Are we getting too PCBack to Forum
Reading the Nut Allergy posts here on the Forum, it brought me back to Political Correctness, not that I am comparing a serious allergic reaction to what I am about to say, however, but at what point would you choose not to fly or make a comment, or would you simply accept something distasteful as that is the PC thing to do.
Examples I can use are many years ago being sat next to a man whose body odor was so incredibly strong, I almost couldnt breathe. I insisted on being moved or him being moved. Had there not been a seat available I would have gotten off the aircraft.
On another occassion I was sat next to two very religious gentlemen who were constantly praying which included a lot of bowing back and forth, shaking my seat continually. Again I insisted on being moved. I got plenty of looks for daring to ask, but 8 hours is a long time to be forced to endure that.
As a final example, I was in the Waldorf Astoria in Berlin recently, and in the lift was a young lady who had just bought a Shwarma from the Zaddy’s across the street and started eating it in the lift. The entire lift stank of her food, which I definitely commented on to her, to no avail, but felt I was in my rights to do so.
At what point would you speak up, when is enough enough?
In our PC culture today, it seems we have to accept almost anything these days for fears of offending someone, even when your own rights (or senses) are impinged upon.
1 user thanked author for this post.7 Nov 2019
It’s so hard to know where to draw the line. For me, the seat rocking would be clear cut, but the personal hygiene case is tougher, partly because the guy may not even know he has a problem and partly because smell is unquantifiable. What about the increasing problem of people wearing aftershave, who appear to have poured the whole bottle over themselves, or smokers who have spent the whole time waiting for their flight dosing themselves up on nicotine in the smokers’ area?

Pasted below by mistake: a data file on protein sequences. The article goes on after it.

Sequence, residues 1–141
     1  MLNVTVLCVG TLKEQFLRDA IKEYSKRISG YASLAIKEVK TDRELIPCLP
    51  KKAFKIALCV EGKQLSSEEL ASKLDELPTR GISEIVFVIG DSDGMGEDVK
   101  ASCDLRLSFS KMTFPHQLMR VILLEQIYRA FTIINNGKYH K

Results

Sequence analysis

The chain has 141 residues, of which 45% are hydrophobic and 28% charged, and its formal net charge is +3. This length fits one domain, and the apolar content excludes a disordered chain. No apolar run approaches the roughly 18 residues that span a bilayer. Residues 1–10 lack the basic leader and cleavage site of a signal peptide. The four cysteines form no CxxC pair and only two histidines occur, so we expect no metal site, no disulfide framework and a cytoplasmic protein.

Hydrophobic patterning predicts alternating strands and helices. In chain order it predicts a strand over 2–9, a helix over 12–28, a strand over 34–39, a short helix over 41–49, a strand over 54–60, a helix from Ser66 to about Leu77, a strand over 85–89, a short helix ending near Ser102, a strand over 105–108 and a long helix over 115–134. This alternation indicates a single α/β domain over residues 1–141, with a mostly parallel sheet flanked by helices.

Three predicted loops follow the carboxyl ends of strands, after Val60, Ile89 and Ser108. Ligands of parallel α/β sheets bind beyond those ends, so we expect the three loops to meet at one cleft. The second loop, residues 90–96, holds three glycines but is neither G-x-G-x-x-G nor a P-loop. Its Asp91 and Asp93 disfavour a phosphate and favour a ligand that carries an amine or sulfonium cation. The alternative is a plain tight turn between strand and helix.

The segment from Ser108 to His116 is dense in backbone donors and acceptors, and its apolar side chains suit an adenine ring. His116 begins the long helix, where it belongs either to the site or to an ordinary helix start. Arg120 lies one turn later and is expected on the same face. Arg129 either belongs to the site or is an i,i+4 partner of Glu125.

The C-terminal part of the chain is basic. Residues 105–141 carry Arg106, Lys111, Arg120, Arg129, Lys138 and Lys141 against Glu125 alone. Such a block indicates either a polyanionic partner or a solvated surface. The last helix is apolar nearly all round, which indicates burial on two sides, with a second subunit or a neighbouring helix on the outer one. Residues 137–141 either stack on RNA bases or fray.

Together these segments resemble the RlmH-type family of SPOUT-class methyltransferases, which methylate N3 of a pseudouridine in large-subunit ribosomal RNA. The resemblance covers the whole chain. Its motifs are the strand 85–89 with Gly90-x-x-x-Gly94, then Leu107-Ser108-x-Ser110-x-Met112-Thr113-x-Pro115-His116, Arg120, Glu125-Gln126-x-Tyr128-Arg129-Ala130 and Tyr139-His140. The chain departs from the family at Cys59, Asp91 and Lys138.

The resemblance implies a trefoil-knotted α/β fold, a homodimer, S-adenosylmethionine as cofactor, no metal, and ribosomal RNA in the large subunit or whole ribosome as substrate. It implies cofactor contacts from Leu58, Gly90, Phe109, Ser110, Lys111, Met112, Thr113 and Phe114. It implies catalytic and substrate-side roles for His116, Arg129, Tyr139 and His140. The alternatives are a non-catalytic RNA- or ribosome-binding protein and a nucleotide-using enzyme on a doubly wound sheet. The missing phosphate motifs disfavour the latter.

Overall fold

A bit like the noise issue (wear noise cancelling headphones to duck the problem of uncontrolled kids), I am tempted to anticipate the smell issue by carrying a face mask, perhaps with some air freshener.
Though I recall once in VS Upper Class a women (who had spent the entire pre-take off in HK telling her friends and rellies over the phone about how she was in business class) liberally spraying herself (and everyone else in the cabin ) before landing with something which I can only assume had come from a barrow in Romford market.
1 user thanked author for this post.8 Nov 2019
Further to the posts from AFlyingDutchman and TupeloKid, I remember one gentleman on a CX flight (from NY to HK, I think – certainly a very long-haul flight) who appeared to have bathed in the most incredibly pungent aftershave, and quite possibly washed his clothes in it as well. Although I am not normally that sensitive to odours, within 10 minutes (and before we took off) I got the most tremendous headache and realised I was rapidly heading towards a full-blown migraine, so after quietly checking with one of the cabin crew that I wasn’t mistaken as to where this came from (my senses were so overwhelmed that it was hard to tell) I approached him and very, VERY politely, and apologetically, said that I was having a bad reaction to his “cologne”, explained that this was entirely my problem and not his, but that I would be very grateful if he would remove it. Fortunately he took it very well. It was very apparent that other pax (and the crew) had been struggling with this odour avalanche because the moment I finished speaking to him the cabin attendant arrived with an entire tray full of hot towels to help him wash it off, there were general sighs of relief, and my neighbour (I was in the middle seat) quietly thanked me.
It is true that sometimes people are completely unaware of their own odour, be it artificial or natural, and how offensive it may be to other people. Everyone also reacts to odours very differently (and wears them differently – a perfume/aftershave/cologne/whatever that smells wonderful on one person may smell rank on someone else because they react differently with each person’s skin, which is why you should always test these on yourself and not using one of those ridiculous paper strips). Fortunately I haven’t often had to deal with people with severe “natural” odour problems. Generally, I find (although the example above was an exception) that your brain eventually shuts down on the offensive odours, just as it can eventually filter out background white noise, however intrusive it might be at first. This isn’t always the case, though.
I am a big fan of aromatherapy, btw, and we employ it quite a bit. I have learned, however, that I cannot tolerate Dill Oil, which makes me feel extremely unwell (headaches and nausea) even in minuscule amounts. Conversely, I don’t find the odour of garlic (even on someone’s breath) even remotely objectionable. Everyone is different, and vive la difference!8 Nov 2019